Republicans Will Lie: Texas House Democrats Challenge Legitimacy Of Re
More than 30 Texas House Democrats on Friday tore into a handful of their fellow Democrats, who returned to the capital this week, and accused Republicans of lying about the number of legislators present to re-establish quorum.
Why it matters: More than 50 House Democrats fled the state in July to prevent the GOP from passing new voting restrictions and urge federal action on voting rights. The 38-day standoff ended on Thursday after a small minority returned to the capital to continue the fight “from the inside.”
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Those who returned argued that their lobbying efforts with Congress were successful and that they needed to be in Texas to help stem the rise in COVID cases.
What they’re saying: “We are disappointed that a few Democrats chose to return to the floor,” the 30 Democrats said in a joint statement on Friday. “We feel betrayed and heartbroken, but our resolve is strong and this fight is not over.”
“Heroes leading our school districts have defied Greg Abbott’s order and set local policy to protect millions of children and their families from COVID, but those brave efforts are now at risk if the Republican legislative majority has its way.”
They also challenged the quorum’s legitimacy, which they claim will now enable Republicans to “enact virtually all of Abbott’s directives.”
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Gop Admins Had 38 Times More Criminal Convictions Than Democrats 1961
Democrats top row: President Obama, Clinton, Carter, Johnson, Kennedy. Republicans bottom row: President W. Bush, Bush, Reagan, Ford, Nixon.
This is the first in a five-part series on government corruption and how that corruption is investigated.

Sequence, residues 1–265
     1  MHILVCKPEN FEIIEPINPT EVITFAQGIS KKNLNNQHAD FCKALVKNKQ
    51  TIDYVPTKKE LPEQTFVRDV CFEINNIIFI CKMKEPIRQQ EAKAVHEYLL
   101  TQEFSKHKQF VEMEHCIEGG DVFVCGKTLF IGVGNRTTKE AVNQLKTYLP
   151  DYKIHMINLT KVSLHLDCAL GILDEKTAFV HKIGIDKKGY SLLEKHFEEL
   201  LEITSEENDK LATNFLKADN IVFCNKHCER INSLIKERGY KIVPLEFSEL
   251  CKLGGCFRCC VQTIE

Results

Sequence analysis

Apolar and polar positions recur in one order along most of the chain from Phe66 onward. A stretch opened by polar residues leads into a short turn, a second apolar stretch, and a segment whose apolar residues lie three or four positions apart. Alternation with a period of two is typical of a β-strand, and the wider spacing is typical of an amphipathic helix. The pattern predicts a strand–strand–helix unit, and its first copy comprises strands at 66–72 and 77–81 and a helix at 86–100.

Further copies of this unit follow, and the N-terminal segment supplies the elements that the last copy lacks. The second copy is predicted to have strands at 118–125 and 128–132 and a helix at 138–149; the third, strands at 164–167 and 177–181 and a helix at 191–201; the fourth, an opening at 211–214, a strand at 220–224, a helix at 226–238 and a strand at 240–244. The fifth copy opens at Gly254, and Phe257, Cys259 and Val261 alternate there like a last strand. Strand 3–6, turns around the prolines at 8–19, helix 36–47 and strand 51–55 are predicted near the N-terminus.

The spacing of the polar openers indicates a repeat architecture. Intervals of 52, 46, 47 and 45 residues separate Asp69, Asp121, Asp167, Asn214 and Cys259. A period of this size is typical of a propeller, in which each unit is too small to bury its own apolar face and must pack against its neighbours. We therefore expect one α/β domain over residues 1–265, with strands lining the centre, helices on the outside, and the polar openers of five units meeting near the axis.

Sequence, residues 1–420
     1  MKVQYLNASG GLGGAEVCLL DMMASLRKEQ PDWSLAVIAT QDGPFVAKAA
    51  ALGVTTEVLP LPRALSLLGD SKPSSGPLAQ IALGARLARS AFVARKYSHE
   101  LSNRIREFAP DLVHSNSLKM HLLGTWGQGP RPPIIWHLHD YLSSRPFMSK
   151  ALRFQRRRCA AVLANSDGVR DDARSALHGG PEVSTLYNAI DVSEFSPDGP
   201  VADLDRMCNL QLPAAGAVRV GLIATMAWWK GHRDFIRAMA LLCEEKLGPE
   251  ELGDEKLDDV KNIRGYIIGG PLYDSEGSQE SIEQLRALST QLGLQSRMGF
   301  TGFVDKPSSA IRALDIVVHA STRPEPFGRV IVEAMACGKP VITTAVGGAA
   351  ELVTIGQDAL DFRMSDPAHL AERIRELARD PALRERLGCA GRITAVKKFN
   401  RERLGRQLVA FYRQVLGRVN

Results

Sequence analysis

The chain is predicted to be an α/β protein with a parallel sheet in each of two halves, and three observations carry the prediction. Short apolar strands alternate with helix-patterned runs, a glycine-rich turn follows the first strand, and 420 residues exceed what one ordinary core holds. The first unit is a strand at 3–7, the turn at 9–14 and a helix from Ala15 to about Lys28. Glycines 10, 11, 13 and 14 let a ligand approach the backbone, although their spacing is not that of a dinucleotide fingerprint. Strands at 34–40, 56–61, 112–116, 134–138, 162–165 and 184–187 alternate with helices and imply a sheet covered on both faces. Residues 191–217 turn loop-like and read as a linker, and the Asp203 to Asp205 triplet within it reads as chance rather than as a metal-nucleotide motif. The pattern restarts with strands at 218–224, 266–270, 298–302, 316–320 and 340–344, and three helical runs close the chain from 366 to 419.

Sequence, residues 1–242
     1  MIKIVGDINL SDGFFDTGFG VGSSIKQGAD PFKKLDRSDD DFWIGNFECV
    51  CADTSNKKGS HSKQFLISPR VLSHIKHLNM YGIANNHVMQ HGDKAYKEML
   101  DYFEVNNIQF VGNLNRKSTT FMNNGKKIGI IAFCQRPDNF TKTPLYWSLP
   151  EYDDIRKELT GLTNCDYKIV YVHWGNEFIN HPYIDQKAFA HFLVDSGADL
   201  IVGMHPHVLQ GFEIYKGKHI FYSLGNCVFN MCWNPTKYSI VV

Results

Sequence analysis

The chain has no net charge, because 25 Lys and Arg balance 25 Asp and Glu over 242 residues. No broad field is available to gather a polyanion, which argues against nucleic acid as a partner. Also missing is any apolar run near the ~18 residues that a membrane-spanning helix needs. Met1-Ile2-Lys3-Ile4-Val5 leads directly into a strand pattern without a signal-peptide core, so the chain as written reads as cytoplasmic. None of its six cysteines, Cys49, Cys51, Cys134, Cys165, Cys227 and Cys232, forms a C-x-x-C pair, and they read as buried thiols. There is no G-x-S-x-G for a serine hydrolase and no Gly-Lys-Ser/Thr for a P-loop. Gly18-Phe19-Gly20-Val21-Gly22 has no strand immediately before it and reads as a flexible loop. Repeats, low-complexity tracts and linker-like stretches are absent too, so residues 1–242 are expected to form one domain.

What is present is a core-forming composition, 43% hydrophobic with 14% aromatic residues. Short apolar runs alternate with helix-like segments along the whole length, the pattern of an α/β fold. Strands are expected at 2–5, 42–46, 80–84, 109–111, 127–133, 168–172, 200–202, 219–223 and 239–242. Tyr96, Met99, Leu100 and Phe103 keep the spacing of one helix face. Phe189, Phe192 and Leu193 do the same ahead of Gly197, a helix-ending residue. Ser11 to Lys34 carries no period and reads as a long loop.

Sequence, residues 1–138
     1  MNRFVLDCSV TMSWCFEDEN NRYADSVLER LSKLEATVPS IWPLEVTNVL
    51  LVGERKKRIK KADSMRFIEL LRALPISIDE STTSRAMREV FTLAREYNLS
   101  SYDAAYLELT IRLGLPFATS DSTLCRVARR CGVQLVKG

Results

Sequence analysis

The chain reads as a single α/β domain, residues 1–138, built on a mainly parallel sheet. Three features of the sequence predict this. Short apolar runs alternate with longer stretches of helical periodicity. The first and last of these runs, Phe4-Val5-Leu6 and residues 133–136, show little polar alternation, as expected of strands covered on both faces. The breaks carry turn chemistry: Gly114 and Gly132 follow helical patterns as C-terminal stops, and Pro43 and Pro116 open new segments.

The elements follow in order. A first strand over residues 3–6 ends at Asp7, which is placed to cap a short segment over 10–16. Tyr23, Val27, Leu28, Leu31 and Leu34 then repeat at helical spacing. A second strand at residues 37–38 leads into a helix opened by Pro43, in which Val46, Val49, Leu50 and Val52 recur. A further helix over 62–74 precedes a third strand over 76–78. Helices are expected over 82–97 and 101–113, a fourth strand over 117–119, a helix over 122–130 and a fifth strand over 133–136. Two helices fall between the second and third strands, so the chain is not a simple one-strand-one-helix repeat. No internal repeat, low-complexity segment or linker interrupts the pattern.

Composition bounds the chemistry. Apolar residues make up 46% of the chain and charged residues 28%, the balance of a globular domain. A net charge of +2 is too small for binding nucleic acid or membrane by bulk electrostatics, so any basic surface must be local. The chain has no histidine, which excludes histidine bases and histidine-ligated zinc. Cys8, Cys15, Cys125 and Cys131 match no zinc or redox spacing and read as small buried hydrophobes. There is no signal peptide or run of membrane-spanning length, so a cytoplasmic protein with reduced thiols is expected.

Republican administrations have vastly more corruption than Democratic administrations. We provide new research on the numbers to make the case.
We compared 28 years each of Democratic and Republican administrations, 1961-2016, five Presidents from each party. During that period Republicans scored eighteen times more individuals and entities indicted, thirty-eight times more convictions, and thirty-nine times more individuals who had prison time.
Given the at least 17 active investigations plaguing President Trump, he is on a path to exceed previous administrations, though the effects of White House obstruction, potential pardons, and the as-yet unknown impact of the GOP’s selection of judges may limit investigations, subpoenas, prosecutions, etc. Of course, as we are comparing equal numbers of Presidents and years in office from the Democratic and Republican parties, the current President is not included.
We’re aware some of our numbers differ from other totals, but we explain our criteria below.
Figure 1. Presidential administrations corruption comparison
Why Democratic Departures From The House Have Republicans Salivating
A growing number of Democrats in battleground districts are either retiring or leaving to seek higher office, imperiling the party’s control of the House and President Biden’s expansive agenda.
WASHINGTON — With 18 months left before the midterms, a spate of Democratic departures from the House is threatening to erode the party’s slim majority in the House and imperil President Biden’s far-reaching policy agenda.
In the past two months, five House Democrats from competitive districts have announced they won’t seek re-election next year. They include Representative Charlie Crist of Florida, who on Tuesday launched a campaign for governor, and Representative Tim Ryan of Ohio, who will run for the Senate seat being vacated by Rob Portman. Three other Democrats will leave vacant seats in districts likely to see significant change once they are redrawn using the data from the 2020 Census, and several more are weighing bids for higher office.